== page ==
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A Nova Way to Monitor Cerebral Blood Flow

Ian Bolland spoke to Diane Bryant, chairman and CEO of NovaSignal about the company’s ultrasound device that monitors cerebral blood flow.

A Nova Way to Monitor Cerebral Blood Flow

NovaSignal’s device combines artificial intelligence (AI), robotics and ultrasound to improve brain health. The company’s technology allows clinicians to look at blood flow patterns in the brain in real time, allowing them to be alerted to any changes or risks to the patient.

Bryant explains that the technology uses transcranial doppler ultrasound which has been around for over 40 years and adding AI and robotics to it has allowed it to keep track of the blood flow in the main arteries, detecting the presence of plaque or emboli.

Explaining further, she said: “From those parameters, velocity and blood flow in the brain and the identification of particles you can then diagnose any ischemic or haemorrhagic stroke.

“The beauty of this is the robotic system and for the automated collection of cerebral blood flow data and the algorithms have obviously been developed. The search algorithms can lock on the arteries in 350 milliseconds, that is something no human no matter how highly trained you are can find the temporal window in the brain where the skull thickness is the narrowest and lock on your major artery.”

With the company based in the United States, the company seems to be aiming to increase access for hospitals to have access to better diagnostics and treatments for conditions like stroke.

Bryant outlines that NovaSignal’s technology aims to bring about more modern and, as a result, better diagnostics and treatment of brain related conditions.

“Today when you walk into 77% of all hospitals and clinics in the U.S they have no way to diagnose a stroke other than a standard survey; where you raise your arms, smile, speak. It’s crazy, we’re in the 21st century. With our device you put it on someone’s head, 350 milliseconds to find the arteries, less than two minutes to present velocity and presence of emboli, and then you’re off into formal treatment.”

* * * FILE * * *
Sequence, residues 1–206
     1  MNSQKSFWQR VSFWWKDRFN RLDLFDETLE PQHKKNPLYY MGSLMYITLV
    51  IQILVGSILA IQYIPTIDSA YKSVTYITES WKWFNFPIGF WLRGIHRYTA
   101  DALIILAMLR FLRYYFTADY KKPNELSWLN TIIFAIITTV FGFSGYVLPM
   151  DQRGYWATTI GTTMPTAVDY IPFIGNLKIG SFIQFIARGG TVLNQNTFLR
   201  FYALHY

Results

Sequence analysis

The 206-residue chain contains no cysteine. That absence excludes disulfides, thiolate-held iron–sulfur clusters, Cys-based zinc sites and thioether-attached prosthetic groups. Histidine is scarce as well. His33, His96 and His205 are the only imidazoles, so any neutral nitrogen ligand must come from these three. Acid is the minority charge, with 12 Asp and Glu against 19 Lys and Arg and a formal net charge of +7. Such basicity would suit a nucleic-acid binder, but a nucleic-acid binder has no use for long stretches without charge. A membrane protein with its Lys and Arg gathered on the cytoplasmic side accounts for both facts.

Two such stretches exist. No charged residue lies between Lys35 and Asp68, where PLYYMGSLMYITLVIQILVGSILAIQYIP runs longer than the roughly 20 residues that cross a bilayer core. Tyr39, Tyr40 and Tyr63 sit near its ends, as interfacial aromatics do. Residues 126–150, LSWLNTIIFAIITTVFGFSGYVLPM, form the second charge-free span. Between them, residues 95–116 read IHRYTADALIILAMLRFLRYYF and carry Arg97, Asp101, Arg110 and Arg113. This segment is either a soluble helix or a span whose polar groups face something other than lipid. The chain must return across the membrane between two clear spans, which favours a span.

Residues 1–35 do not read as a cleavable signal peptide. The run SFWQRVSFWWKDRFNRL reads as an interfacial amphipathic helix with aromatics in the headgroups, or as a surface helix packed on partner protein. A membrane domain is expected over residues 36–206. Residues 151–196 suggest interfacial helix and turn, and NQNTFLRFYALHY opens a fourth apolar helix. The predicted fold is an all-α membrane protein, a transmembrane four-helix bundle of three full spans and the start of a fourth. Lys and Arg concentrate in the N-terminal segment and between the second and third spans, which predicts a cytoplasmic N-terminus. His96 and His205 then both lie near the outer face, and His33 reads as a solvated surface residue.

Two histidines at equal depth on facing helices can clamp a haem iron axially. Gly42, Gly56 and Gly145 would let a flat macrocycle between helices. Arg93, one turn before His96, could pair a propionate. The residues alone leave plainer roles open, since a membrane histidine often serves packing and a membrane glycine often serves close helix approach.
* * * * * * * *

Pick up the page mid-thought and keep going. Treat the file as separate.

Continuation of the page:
The device is available through distributors in the UK and Irish markets, with the product granted the CE mark. NovaSignal will also apply for the UKCA mark for when it comes into force in 2023.

In terms of its use, it can be found most likely to be found in an operating theatre and has been used on patients during open heart surgery and liver transplants among other operations. It can also be used while in intensive care and be used for lengthy periods, with comfort a necessary factor during the design process.

“If you have a stroke, there’s a 30% probability you’ll have a second stroke so the doctors at that point have to get to the root cause. So, you can go into the ICU for 14 days to be continuously monitored. Without our device there’s no way to monitor continuously so our device is used in the ICU. The patient can lay in it, it’s comfortable like everything else in hospital with a degree of comfort and be monitored for eight hours.”

The third use is for hole in the heart, which affects a quarter of the world’s population, with some completely unaware of the condition, which NovaSignal can detect with bubble injections.

“They inject the bubbles which, if there’s a hole in the heart, can cross the right to left shunt and present itself in the blood flow in the brain. So, we can then monitor and count the bubbles so not only can we say there’s a hole in the heart, we can say how large the hole is. We’re the only device that can non-invasively, without radiation, sedation, that can say you have a hole in the heart and it’s of the size that it should be closed.”

This is down to a trend of continuous monitoring, the data collected by the device that’s stored in the cloud informing treatments going forward.

Bryant summarised: “All of that data is being aggregated into the cloud. It’s obviously with a virtual private cloud. But that data then is stored forever so when you have a stroke your physician can pull all of our historical data and say “here.” It’s progression over time rather than just that current snapshot in the moment.”

Seen on Med-Tech Innovation News: Article Link

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